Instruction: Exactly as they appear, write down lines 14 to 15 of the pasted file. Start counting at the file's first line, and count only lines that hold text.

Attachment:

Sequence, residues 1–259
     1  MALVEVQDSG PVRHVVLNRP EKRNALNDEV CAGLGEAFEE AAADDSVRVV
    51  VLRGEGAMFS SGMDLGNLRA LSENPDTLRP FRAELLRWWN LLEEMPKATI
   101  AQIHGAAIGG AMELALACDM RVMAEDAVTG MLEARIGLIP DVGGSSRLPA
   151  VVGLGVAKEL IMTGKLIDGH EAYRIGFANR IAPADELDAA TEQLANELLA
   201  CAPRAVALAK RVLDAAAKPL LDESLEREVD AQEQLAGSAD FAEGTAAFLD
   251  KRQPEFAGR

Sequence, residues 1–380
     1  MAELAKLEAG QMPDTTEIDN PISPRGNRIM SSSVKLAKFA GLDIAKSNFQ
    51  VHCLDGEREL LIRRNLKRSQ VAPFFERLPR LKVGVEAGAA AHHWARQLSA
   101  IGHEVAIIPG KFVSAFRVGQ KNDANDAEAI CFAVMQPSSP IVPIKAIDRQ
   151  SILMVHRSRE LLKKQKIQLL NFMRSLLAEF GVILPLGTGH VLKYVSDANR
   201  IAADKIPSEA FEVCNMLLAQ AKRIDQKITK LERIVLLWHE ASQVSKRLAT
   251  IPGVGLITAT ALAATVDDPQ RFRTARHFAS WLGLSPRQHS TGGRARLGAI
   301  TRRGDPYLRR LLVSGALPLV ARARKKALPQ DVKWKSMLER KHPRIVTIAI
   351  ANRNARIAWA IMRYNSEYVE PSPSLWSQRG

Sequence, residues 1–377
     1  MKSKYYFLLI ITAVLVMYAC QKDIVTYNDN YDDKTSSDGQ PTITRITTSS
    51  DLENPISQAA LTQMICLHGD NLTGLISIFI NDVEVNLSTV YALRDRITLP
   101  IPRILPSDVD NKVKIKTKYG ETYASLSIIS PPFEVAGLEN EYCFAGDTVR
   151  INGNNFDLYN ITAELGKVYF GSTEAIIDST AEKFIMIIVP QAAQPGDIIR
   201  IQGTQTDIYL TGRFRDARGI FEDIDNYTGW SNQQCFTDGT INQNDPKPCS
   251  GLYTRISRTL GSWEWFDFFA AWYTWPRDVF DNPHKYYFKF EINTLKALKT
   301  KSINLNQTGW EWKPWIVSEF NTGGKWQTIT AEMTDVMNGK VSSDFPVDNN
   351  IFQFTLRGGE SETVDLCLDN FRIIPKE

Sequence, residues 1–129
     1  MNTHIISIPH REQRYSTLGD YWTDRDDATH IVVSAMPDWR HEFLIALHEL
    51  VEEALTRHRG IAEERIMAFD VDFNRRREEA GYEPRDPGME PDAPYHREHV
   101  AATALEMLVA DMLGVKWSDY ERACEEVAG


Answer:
   251  IPGVGLITAT ALAATVDDPQ RFRTARHFAS WLGLSPRQHS TGGRARLGAI
   301  TRRGDPYLRR LLVSGALPLV ARARKKALPQ DVKWKSMLER KHPRIVTIAI